The last decade has seen increasing numbers of conservation initiatives (such as Nature Improvement Areas and Sites of Special Scientific Interest) many of which are focussed on peatland restoration in the UK. We are working with a wide range of partners on peatland restoration, including land owners and environmental NGOs. You are the government – remember? You have lots of money and lots of power which you can withhold or wield to deliver your policies. You don’t seem to be very energised on this subject though.
Rural Development Programme
We are committed to helping create a more sustainable future for the English uplands, which are endowed with natural assets that are important for delivering a range of valuable “ecosystem services”, including food and fibre, water regulation, carbon storage, biodiversity, and recreational opportunities for health and wellbeing. Let’s see your plan for that then. Where is it? What have you done in the last four and a bit years to move this forward? NE used to have quite a good one but then it was pulled.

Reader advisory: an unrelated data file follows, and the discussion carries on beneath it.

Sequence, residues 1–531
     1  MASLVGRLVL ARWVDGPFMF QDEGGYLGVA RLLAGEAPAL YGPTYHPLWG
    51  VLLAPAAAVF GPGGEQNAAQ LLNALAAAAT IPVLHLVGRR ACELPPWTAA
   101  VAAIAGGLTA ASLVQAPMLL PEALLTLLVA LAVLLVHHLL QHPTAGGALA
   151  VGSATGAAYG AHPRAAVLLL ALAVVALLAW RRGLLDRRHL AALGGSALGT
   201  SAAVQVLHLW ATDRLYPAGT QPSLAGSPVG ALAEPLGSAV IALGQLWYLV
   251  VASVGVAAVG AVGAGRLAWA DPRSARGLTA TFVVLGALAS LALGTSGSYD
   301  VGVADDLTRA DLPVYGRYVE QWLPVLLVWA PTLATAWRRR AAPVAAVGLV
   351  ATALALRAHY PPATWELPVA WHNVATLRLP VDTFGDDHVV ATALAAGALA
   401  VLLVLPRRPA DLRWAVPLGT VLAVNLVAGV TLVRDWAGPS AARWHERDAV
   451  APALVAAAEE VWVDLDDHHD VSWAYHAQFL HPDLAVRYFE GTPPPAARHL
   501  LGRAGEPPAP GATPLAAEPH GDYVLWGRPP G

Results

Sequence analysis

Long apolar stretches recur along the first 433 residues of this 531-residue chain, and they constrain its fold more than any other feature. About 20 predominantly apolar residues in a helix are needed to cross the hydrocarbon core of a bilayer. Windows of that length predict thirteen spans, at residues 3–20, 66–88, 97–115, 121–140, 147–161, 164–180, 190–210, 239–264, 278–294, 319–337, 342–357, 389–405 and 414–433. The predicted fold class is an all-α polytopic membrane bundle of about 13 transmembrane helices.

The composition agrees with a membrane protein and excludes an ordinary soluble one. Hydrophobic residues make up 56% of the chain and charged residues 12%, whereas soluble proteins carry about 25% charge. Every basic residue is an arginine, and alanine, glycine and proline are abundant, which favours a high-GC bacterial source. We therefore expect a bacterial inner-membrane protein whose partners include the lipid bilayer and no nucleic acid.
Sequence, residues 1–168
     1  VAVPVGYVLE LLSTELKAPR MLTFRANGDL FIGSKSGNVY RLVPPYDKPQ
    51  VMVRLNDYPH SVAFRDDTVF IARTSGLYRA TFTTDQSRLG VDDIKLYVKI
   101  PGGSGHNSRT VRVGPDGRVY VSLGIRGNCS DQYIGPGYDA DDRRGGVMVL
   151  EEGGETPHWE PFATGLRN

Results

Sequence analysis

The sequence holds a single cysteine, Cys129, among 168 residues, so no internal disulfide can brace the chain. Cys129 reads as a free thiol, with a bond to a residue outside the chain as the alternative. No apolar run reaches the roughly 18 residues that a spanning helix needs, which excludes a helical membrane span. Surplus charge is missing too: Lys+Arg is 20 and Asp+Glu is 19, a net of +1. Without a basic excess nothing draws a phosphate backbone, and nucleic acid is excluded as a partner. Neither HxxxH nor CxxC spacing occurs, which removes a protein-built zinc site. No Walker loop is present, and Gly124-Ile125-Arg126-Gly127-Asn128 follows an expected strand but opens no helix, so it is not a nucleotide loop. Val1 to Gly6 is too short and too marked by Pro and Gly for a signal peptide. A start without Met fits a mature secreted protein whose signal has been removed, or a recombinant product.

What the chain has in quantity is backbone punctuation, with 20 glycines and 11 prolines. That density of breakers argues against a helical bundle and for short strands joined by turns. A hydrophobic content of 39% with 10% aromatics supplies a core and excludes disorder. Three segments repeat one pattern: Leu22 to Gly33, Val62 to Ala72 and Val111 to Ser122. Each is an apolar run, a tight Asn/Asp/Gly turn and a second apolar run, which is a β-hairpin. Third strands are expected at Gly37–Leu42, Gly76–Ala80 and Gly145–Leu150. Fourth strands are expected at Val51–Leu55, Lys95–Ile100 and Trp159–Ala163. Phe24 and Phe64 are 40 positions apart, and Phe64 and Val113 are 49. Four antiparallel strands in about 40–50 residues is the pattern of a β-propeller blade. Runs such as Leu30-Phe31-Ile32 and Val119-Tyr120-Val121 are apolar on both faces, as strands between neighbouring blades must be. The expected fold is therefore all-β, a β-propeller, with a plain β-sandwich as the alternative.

We will be investing over £3 billion in agri-environment schemes (Environmental Stewardship and its successor) in the next Rural Development Programme 2015-2020. That’s my money (not all of it is mine admittedly) you are talking about there. I object to it being spent in the uplands rewarding criminals who are depleting my wildlife.
Addressing loss of biodiversity will be a priority for the new Programme. It was for the last Programme. Do you think that’s worked well?
In addition funding will look to maximise opportunities to deliver biodiversity, water quality and flooding benefits together. Defra is working with a wide range of interests to finalise scheme details in good time for 2015. I look forward to seeing them.
This e-petition remains open to signatures and will be considered for debate by the Backbench Business Committee should it pass the 100 000 signature threshold.